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10 exercises for explosive athletes

Athletes today are bigger, faster and more explosive than ever before. Everyone wants to be able to run faster and jump higher, so why is there so much confusion about how to train athletes? Why does one group of strength coaches tell you to lift heavy weights, another tells you to lift light and fast, and others tell you to only use Olympic lifts?


And they each tell you the same thing, "If you lift our way you will become more explosive." Most of this confusion comes from a failure, by both coaches and scientists, to develop a theoretical framework for training athletes. This framework could be used to explain why some exercises and training methods are more successful than others.


Instead, we have numerous studies that give conflicting arguments and findings. This confusion has led the strength coach to develop training methods based on trial and error. Thus, strength coaches usually tend to drift toward one of these three directions, which is a shame because athletes benefit from each of these types of training.


Another frustration for the strength coach is our inability to standardize basic words and definitions. "Explosive" and "power" are terms often used in exchange for each other. These two terms are related, but can be trained separately and are not always dependent on each other.


Many athletes are explosive, but at the same time lack power. On the other side, an athlete can be powerful, but lack explosive strength. Power output is affected by the speed of movement. By performing movements faster you can increase power, but explosive strength may not necessarily be affected by movement speed.


Conversely, explosive strength is affected by the speed of contraction, regardless of movement speed or the type of contraction. Explosive strength can be high in a contraction where no movement (isometric) is taking place. The distinction between speed of movement and speed of contraction will help clarify power and explosive strength.


Strength and conditioning studies usually focus on training methods and exercises that affect either explosive strength or power measures.[1,2] These measures are tested to see if there is a relationship (correlation) with sprint and jump results.


The inherent problem with this type of research is that these measures are compared against each other instead of examining their combined (synergistic) effects. A better approach might be to examine the exercises and training methods that develop a larger number of athletic measures.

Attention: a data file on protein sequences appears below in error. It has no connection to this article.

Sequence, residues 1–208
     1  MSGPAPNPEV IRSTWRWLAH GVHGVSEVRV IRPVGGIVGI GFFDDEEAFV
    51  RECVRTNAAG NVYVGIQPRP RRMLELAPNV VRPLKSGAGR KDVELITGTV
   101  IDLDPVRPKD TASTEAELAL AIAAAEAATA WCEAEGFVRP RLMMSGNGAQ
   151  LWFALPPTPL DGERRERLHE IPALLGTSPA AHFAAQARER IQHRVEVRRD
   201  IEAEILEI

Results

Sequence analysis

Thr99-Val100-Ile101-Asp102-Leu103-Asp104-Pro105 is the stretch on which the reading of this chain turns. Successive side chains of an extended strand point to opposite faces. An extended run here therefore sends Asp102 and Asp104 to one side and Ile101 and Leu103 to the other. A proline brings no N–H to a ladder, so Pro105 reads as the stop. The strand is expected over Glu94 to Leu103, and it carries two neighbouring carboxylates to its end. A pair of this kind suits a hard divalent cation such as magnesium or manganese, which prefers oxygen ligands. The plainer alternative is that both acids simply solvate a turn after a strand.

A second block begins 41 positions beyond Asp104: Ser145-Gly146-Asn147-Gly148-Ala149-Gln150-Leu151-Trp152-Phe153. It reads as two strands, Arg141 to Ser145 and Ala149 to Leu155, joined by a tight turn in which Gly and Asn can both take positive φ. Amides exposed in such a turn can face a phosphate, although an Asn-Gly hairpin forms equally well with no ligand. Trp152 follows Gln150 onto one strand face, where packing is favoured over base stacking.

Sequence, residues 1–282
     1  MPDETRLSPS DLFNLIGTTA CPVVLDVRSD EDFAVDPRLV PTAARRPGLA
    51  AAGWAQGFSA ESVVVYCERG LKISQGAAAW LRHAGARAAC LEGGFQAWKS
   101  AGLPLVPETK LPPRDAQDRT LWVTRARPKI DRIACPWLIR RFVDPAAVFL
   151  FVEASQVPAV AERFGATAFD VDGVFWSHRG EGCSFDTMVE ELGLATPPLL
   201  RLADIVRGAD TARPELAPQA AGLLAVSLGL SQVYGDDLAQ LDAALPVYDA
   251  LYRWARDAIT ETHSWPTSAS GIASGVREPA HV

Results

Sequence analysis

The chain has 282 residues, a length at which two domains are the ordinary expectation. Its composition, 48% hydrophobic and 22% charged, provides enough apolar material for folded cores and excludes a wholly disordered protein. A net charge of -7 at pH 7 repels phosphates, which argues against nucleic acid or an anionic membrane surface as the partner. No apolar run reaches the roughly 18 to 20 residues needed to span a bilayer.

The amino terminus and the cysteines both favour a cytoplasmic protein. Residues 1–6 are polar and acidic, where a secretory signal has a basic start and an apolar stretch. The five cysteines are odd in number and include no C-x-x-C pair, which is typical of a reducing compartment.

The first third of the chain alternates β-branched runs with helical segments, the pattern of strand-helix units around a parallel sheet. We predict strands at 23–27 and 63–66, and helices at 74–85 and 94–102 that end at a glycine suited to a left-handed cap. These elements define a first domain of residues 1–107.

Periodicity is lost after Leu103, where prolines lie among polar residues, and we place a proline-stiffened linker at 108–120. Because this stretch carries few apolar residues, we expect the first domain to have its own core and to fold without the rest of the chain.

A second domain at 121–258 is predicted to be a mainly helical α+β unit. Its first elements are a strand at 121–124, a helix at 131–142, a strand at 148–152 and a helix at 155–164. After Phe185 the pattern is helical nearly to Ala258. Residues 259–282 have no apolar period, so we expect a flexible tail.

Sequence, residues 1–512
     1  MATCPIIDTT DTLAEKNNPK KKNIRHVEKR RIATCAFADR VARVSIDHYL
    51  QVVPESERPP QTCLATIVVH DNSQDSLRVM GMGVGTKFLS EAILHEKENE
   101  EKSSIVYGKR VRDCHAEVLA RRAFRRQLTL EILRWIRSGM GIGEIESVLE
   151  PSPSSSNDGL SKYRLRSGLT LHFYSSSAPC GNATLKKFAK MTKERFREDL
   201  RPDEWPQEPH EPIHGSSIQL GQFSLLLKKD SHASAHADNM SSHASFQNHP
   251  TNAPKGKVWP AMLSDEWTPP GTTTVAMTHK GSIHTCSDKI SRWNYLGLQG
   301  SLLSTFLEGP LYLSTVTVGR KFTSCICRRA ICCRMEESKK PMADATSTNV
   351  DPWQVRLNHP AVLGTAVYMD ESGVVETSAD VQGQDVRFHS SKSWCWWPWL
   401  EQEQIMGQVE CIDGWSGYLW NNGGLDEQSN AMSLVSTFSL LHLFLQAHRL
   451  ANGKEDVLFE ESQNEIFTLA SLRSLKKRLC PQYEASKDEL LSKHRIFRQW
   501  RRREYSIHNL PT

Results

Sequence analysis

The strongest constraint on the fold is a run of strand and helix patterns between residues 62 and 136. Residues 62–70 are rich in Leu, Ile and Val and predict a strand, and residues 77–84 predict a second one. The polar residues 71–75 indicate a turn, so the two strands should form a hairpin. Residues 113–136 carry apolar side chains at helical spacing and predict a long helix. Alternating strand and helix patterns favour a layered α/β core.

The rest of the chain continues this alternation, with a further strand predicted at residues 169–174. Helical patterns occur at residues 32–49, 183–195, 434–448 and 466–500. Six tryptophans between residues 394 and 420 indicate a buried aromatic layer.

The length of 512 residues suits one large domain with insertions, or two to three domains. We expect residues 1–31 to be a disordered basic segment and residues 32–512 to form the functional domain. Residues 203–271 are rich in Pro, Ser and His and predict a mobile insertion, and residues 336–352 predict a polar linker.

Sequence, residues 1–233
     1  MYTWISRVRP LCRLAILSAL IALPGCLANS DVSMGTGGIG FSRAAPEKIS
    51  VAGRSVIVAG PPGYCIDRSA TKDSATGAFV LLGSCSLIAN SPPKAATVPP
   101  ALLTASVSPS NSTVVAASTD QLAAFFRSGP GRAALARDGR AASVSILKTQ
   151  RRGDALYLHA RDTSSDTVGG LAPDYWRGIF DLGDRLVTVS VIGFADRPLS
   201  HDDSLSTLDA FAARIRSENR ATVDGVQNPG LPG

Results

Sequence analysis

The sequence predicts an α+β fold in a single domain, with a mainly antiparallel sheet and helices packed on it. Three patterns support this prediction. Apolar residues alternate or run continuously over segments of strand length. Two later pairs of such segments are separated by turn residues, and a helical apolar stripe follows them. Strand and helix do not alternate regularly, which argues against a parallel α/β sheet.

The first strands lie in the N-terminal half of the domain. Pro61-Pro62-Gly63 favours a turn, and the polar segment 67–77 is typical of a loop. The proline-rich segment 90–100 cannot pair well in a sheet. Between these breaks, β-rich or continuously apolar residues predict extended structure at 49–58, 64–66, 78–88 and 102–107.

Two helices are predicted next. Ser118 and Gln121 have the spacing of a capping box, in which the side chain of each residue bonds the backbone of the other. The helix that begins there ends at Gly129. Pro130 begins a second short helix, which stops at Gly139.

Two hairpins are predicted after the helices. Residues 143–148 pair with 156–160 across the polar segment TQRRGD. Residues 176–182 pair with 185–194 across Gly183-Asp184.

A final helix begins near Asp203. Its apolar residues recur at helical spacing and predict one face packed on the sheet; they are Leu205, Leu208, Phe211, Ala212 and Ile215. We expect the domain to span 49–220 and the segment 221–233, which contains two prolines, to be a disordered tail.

As we will see, power and explosive strength must be assessed, understood and developed for an athlete to reach their full potential. Increases in both speed of movement (effects power) and speed of contraction (affects explosive strength) would be beneficial for any athlete regardless of skill level, sport or weight of external load.


Explosive Strength

In sports, athletic movements need to be performed at high speeds. Fast movements such as sprinting and rapid jumps typically involve contraction times of 50-250 milliseconds.[3] This presents a problem: it takes a longer time (>300ms) for muscle to develop maximum force. Since maximum force cannot be developed with fast movements, any increase in the rate of force developed in the early phase of contraction becomes vital.


Explosive strength is defined as the rate of force development (RFD) at the onset of contraction.[4] RFD is taken from the slope of the Force-Time curve (see Fig. 1). The goal of training for improved RFD is to shift this curve to the left (i.e. create more force in less time). In an isometric contraction (no movement), force can be developed quickly, therefore RFD can be high.


RFD is not dependent on the speed that the segments (trunk, upper leg, lower leg) travel. But, RFD has an important role in fast movements; it allows maximum force to be developed earlier. The increase in RFD is considered one of the most important adaptations elicited from resistance training.[5]


In some cases, RFD will be sacrificed for increases in movement of speed. This can be illustrated by looking at the affects of a countermovement on a vertical jump. Two jumps will be performed:


a concentric-only jump, where the athlete gets into a half-squat position, then pauses, and performs only the pushing up phase of the jump.

a regular vertical jump, where the athlete first bends down (countermovement) and then jumps upward in one motion.

The first jump (concentric) is performed fast, where maximum force cannot be developed, but RFD is high. In the second jump (countermovement), the upper body creates an additional downward force during the countermovement. This downward force causes the contraction speed of the muscles to slow down.


Thus, the muscles have more time to create maximum force, which increases the speed of movement.[6] In this example RFD is decreased in order to increase movement speed. If both RFD and speed of movement can be increased with training, performance will be enhanced significantly.



We've all seen the definitions for Power, but many times they are not fully understood. Power equals Work/Time, and Work is the product of Force multiplied by Distance. Now, what's important in this equation is the distance. The farther the distance a segment (trunk, upper leg, lower leg) travels, the greater the Work and therefore, the greater the Power.


By comparing two types of vertical jumps, we will be able to see how increasing a distance can effect power. One jump will be initiated from a half squat position and the other from a full squat position. If the time it takes to perform the jumps is the same, the jump initiated from a full squat position would create more power since the segments travel a greater distance. Read more here